Accounting for climate change and the self-regulation of carbon disclosures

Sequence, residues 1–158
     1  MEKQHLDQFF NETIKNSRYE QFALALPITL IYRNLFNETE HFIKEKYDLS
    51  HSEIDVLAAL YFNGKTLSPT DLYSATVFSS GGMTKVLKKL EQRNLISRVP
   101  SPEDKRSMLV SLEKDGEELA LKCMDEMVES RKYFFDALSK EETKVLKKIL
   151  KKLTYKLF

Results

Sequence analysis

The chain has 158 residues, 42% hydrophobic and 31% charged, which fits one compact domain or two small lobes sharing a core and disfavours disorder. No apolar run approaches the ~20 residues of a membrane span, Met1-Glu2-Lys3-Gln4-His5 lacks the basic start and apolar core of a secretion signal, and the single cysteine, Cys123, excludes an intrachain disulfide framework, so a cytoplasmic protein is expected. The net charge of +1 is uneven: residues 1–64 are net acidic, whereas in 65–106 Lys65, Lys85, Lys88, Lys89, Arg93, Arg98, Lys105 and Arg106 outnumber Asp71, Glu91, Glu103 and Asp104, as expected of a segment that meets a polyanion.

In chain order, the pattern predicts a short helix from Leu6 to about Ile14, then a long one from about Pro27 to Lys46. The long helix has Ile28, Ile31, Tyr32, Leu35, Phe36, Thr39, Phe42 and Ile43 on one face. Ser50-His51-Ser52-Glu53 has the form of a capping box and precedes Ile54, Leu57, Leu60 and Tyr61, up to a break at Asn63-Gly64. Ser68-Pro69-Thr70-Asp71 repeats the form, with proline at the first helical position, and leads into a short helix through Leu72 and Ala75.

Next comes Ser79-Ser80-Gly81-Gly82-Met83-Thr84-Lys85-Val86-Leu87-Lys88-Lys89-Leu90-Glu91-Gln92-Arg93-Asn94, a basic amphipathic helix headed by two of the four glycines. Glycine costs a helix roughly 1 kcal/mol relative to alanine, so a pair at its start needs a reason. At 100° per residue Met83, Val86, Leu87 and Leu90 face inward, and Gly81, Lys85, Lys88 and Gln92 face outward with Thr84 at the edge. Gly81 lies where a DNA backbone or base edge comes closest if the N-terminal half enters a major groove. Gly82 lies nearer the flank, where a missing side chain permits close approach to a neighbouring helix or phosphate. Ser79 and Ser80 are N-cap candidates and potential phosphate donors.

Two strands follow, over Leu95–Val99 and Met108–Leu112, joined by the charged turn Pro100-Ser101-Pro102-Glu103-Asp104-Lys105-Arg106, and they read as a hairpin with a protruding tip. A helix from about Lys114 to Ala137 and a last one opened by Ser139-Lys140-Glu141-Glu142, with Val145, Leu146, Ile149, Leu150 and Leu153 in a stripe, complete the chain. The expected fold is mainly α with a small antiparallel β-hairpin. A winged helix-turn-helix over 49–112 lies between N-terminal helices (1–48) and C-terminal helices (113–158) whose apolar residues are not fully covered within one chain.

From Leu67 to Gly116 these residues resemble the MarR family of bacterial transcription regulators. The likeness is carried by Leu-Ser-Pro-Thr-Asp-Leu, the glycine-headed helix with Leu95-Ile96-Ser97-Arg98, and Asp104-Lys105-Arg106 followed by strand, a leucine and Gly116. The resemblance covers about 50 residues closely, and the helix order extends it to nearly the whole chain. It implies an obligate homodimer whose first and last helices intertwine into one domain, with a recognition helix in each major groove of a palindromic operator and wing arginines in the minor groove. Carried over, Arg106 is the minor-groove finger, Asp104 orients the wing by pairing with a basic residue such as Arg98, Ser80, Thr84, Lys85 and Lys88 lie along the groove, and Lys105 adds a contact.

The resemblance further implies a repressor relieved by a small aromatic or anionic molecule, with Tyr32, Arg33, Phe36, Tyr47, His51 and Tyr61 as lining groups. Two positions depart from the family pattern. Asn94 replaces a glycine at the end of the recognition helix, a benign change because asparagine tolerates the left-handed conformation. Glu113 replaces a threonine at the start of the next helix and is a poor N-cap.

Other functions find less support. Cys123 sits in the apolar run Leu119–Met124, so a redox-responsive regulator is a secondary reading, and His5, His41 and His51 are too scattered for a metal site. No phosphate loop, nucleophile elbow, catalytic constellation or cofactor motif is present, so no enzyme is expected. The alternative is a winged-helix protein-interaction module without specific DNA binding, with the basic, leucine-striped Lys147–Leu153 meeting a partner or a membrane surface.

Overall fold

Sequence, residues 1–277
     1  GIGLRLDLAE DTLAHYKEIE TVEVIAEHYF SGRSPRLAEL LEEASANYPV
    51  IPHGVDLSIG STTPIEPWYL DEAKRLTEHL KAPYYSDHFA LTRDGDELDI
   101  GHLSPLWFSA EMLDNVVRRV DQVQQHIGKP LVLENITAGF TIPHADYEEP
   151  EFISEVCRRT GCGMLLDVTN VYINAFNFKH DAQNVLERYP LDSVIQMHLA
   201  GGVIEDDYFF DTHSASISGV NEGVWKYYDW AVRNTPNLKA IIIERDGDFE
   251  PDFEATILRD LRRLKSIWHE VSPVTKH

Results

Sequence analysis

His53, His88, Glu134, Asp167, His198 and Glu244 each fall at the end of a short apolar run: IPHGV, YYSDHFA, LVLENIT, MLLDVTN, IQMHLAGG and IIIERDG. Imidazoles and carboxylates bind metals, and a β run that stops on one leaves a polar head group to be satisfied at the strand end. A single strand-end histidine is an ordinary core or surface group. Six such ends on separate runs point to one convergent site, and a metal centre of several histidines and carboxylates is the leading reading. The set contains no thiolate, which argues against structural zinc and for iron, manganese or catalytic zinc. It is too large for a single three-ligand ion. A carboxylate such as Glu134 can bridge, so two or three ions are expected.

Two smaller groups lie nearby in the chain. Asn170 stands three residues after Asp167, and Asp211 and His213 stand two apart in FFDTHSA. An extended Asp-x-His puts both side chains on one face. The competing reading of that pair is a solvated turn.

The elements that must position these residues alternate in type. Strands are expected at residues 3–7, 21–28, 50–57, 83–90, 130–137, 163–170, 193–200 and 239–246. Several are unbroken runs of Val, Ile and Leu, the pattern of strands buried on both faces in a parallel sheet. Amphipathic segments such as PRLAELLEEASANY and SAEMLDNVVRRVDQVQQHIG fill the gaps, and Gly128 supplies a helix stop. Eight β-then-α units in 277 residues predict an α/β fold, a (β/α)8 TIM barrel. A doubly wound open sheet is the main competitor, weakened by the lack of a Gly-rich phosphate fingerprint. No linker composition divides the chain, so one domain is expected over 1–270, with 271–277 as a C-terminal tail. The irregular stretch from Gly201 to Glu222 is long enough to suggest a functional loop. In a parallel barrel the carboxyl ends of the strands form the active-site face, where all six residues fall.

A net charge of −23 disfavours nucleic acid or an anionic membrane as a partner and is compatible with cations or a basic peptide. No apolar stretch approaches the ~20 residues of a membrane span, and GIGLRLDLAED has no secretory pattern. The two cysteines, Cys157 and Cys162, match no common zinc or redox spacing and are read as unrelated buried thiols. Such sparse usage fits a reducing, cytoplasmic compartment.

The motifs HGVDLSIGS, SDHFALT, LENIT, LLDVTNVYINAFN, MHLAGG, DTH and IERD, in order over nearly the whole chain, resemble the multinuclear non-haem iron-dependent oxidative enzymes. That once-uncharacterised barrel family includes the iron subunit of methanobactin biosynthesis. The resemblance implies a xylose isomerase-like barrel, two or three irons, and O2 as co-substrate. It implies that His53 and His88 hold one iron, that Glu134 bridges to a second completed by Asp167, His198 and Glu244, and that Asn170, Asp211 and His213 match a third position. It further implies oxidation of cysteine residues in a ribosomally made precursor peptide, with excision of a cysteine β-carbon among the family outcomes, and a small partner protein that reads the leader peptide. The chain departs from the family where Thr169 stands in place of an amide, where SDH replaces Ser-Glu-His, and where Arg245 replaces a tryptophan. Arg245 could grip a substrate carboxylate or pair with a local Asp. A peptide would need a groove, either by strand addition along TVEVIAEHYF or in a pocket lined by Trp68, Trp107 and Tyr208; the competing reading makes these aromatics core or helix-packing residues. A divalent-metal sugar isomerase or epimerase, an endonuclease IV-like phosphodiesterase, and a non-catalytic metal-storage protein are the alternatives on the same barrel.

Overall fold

Adopting a form of “critical dialogic engagement” (Bebbington et al., 2007), this paper explores how dominant environmental discourses can influence and shape carbon disclosure regulation. Carbon-related disclosures have increased significantly in the last five years, and many of these disclosures remain voluntary. This paper considers both the construction of self-regulated carbon disclosure practices and the role that this kind of carbon information may have in climate change-related decision making. Our preliminary findings indicate that the methodological diversity underpinning carbon disclosures may inhibit the usefulness of climate change-related data. To explore these issues, this paper focuses on the Carbon Disclosure Project (CDP) and the use of the Greenhouse Gas (GHG) Protocol as a reporting model within it.